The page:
Also found in: Wikipedia.
Rizal, José(hōsā` rēsäl`), 1861–96, Philippine nationalist, author, poet, and physician, b. Calamba, Laguna prov. He studied at a Jesuit school in Manila, at the Univ. of Madrid (M.D., 1884; Ph.D., 1885), and in Paris, Berlin, Heidelberg, and Leipzig. In Berlin he published his first novel, Noli me tangere (1886, tr. The Lost Eden, 1961), a diatribe against Spanish administration and the religious orders in the Philippines. Because of this attack he was compelled by Spanish officials to leave the islands soon after his return home in 1887. He lived successively in China, Japan, the United States, England, and France, before establishing himself in Hong Kong to practice medicine. In 1890 he published an annotated edition of Antonio Morgas's Sucesos de las islas Filipinas, and in 1891 he published his second novel, El filibusterismo (tr. The Subversive, 1962), a sequel to his first. Returning to Manila in 1892, he was arrested as a revolutionary agitator and banished to Dapitan on Mindanao. While on his way to Cuba in 1896, he was arrested and returned to Manila. There he was given a farcical trial and executed as an instigator of insurrection and founder of secret revolutionary societies. His martyrdom incited a full-scale rebellion against Spanish rule. He also wrote articles; Mariang Makiling (1890), a Philippine folk tale; and considerable poetry.
See his letters, tr. by J. P. Apostol (1959); his reminiscences and travels, ed. by E. Alzona (Vol. I, 1961); biographies by C. Quirino (1958), L. M. Guerrero (1963), and A. Coates (1968).
(full name, José Rizal y Alonso). Born June 19, 1861, in Calamba, Laguna Province; died Dec. 30, 1896, in Manila. Philippine enlightener.
Rizal attended the University of Manila and later studied in Spain and Germany. He acquired a reputation as a physician, zoologist, ethnographer, linguist, historian, poet, prose writer, sculptor, and painter. An important role in the development of freethinking and national consciousness in the Philippine intelligentsia was played by Rizal’s political pamphlets and especially by his accusatory anticolonial and anticlerical two-part work consisting of the novels Touch Me Not (1887; Russian translation, 1963) and Filibusterism (1891; Russian translations, 1937 and 1965). In his scholarly and scientific works, Rizal wrote as a humanist and a fighter against racism and obscurantism. A deist, he broke with the official church. Counting on the support of Spanish liberals, he called for the development of public education and demanded democratic reforms.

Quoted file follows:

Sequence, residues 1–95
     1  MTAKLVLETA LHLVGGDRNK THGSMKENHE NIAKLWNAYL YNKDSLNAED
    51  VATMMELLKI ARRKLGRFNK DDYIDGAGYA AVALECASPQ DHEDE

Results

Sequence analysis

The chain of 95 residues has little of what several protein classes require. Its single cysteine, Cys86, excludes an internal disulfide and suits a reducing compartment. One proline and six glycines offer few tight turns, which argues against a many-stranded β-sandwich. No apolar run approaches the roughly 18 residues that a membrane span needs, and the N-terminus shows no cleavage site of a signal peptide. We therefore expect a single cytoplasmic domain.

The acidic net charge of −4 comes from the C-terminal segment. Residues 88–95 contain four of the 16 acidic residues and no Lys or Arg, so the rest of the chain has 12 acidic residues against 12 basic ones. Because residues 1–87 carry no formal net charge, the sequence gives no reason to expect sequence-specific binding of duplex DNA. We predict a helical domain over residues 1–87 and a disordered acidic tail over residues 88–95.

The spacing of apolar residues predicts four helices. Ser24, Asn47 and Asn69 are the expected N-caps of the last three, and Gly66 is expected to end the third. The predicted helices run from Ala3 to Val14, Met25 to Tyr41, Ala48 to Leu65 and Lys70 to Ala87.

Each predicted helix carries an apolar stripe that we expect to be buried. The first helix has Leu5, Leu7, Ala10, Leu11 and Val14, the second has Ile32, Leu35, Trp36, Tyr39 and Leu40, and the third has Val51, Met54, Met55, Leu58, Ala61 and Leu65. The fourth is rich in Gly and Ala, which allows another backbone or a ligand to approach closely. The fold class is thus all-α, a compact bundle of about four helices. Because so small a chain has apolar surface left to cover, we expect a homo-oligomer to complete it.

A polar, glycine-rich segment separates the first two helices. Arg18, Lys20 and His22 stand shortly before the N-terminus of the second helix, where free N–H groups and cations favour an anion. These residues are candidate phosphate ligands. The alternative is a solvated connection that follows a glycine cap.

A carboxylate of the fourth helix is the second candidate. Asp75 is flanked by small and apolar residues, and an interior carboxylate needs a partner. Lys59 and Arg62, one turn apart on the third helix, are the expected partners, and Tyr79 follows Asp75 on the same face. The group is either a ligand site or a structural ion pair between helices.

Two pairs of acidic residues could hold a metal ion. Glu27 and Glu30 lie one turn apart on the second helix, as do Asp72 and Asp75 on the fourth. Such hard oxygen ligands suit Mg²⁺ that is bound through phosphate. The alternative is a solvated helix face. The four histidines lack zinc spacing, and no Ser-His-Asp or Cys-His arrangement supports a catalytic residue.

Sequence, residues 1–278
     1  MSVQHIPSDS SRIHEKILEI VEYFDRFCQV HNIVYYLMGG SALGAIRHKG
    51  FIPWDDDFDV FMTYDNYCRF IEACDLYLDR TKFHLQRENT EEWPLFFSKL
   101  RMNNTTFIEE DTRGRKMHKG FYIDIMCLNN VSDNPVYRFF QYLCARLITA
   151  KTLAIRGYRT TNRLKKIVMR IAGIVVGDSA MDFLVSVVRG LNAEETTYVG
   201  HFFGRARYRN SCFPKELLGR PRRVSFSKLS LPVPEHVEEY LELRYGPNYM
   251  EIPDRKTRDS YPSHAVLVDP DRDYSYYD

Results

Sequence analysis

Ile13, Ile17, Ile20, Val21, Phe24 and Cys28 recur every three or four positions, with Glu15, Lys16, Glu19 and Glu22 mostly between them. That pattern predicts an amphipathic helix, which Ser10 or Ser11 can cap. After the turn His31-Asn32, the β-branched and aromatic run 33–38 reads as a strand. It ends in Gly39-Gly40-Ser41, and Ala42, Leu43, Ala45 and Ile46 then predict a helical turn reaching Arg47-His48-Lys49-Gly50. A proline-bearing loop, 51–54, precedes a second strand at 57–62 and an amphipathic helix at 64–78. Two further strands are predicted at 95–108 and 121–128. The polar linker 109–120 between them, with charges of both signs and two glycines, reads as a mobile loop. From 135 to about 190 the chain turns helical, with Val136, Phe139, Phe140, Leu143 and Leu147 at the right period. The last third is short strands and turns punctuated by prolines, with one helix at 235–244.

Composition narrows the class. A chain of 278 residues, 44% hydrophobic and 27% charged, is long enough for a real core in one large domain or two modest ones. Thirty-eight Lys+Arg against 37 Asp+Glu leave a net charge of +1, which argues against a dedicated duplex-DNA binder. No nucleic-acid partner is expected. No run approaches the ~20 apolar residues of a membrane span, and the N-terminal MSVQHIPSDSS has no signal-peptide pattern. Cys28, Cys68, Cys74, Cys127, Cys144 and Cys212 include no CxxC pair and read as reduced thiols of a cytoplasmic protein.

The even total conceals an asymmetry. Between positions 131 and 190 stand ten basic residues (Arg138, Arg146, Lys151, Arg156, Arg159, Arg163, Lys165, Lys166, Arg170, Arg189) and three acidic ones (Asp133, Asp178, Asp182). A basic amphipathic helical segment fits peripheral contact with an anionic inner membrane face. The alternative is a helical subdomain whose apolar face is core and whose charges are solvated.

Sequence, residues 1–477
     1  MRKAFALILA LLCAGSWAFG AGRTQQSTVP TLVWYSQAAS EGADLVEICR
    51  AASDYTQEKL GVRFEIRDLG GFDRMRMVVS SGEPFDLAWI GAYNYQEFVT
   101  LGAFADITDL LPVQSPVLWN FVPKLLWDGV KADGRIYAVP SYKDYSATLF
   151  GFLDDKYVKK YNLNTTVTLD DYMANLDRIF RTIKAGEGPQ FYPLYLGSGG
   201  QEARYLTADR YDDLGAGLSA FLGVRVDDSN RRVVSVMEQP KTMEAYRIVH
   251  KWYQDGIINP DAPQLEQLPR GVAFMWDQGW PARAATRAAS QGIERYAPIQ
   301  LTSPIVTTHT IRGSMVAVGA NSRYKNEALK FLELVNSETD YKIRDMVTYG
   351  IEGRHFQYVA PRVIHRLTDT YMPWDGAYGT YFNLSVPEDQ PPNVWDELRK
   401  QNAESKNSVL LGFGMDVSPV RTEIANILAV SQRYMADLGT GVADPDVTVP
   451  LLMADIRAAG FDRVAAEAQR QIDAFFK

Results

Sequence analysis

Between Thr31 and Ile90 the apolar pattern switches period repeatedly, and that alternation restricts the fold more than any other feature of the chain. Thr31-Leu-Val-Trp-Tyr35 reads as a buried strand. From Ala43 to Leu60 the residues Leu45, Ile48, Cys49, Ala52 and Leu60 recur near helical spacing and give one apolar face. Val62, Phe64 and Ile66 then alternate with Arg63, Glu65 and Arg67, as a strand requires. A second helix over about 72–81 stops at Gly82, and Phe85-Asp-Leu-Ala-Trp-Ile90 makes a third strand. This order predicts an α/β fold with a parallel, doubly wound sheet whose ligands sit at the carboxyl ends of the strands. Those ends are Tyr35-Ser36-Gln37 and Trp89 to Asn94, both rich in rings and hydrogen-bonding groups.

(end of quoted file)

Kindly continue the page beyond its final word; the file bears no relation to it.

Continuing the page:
After ten years in Europe, where he headed the patriotic work of the Philippine émigrés, Rizal returned home in 1892 and created his country’s first political organization, the Liga Filipina. He was immediately exiled, however, to the island of Mindanao. In seeking his people’s deliverance from poverty and inequality, Rizal strove to avoid violence and bloodshed. His activities, however, contributed to the ideological preparation of the national liberation revolution. In 1896 the leaders of the Katipunan urged Rizal to head an armed uprising, but he declined. Nevertheless, when the revolt began, the Spanish authorities executed him for sedition. Rizal became the most revered national hero of the people of the Philippines.
WORKSIn Russian translation:
Izbrannoe. Moscow, 1961.
REFERENCESGuber, A., O. Rykovskaia. Khose Risal’. Moscow, 1937.
Quirino, C. The Great Malayan. Manila, 1940.
Palma, R. Biografía de Rizal. Manila, 1949.
G. I. LEVINSON